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Research shows ultrasound is reliable way to detect fetal heart problems in the womb

Story Date: Mon, 08 Jul 2013 17:05:00 EDT

A team of researchers from EVMS and Children’s Hospital of The King’s Daughters recently completed a study that demonstrates the reliability of fetal ultrasound in detecting major congenital heart disease early in pregnancy.

The results of the five-year study increase the need for scheduling early and detailed cardiac evaluations, says Elena Sinkovskaya, MD, PhD, primary investigator and an Assistant Professor of Obstetrics and Gynecology at EVMS.

“We were excited to find that the accuracy of prenatal cardiac screening was over 95.5 percent in our study,” Dr. Sinkovskaya says.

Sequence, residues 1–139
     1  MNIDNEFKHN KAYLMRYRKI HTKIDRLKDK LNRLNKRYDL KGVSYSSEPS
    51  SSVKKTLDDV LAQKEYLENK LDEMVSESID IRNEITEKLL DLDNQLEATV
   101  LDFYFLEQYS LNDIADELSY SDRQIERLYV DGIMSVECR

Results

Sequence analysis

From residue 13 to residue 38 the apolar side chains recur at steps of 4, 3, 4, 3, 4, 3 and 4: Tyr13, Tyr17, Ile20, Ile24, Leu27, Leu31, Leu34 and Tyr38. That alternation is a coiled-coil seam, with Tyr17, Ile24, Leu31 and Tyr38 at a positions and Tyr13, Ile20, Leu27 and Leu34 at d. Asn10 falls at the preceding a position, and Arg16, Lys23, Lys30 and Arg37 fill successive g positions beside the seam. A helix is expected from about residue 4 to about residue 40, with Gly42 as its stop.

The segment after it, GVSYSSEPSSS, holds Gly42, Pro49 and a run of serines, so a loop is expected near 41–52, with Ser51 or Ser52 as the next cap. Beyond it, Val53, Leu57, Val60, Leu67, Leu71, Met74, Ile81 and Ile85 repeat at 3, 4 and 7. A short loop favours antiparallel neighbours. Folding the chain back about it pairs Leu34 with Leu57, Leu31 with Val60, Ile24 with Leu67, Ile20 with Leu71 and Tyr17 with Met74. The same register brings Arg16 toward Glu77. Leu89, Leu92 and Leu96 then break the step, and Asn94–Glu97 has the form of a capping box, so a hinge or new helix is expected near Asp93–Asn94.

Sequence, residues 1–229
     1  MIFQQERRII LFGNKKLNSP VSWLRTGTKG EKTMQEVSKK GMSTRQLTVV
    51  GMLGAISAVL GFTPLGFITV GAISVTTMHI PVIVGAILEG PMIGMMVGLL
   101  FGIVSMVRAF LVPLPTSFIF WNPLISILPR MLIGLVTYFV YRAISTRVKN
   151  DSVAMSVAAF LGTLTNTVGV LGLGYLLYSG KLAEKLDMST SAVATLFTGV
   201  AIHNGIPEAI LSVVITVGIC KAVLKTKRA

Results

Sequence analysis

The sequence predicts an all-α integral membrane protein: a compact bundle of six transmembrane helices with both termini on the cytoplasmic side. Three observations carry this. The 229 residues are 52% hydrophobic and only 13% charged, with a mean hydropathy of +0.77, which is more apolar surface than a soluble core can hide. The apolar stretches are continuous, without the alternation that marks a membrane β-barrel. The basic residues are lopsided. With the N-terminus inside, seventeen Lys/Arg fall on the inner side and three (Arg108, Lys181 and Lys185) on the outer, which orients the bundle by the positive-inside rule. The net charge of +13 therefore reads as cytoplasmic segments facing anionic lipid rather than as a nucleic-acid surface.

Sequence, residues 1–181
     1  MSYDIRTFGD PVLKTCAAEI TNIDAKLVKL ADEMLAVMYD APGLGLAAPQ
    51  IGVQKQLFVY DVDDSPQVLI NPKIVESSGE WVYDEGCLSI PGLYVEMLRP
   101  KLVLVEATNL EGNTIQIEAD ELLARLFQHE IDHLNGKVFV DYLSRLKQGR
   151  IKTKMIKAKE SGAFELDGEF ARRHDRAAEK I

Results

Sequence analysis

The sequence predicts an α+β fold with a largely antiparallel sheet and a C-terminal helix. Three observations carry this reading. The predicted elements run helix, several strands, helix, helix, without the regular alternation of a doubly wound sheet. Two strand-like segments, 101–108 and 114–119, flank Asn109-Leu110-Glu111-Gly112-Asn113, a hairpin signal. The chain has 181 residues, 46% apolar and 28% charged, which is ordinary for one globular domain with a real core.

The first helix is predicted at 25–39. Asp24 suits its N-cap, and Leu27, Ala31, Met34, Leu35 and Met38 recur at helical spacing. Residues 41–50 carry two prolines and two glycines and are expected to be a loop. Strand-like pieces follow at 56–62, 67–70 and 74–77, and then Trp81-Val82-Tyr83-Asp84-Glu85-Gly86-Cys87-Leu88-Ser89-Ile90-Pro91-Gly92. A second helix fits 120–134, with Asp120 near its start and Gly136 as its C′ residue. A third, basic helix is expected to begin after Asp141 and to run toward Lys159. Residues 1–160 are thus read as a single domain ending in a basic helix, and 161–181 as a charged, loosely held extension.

Dr. Sinkovskaya and her colleagues analyzed 245 high-risk pregnant patients with prenatal and postnatal ultrasounds. The quality of images provided by the echocardiograms was sufficient to allow for a detailed evaluation of the fetal heart in the large majority of the fetuses scanned.

Dr. Sinkovskaya presented the study results June 30 at the American Society of Echocardiography (ASE) 24th Annual Scientific Sessions at the Minneapolis Convention Center, Minneapolis, Minn. The ASE is the largest global organization for cardiovascular ultrasound imaging.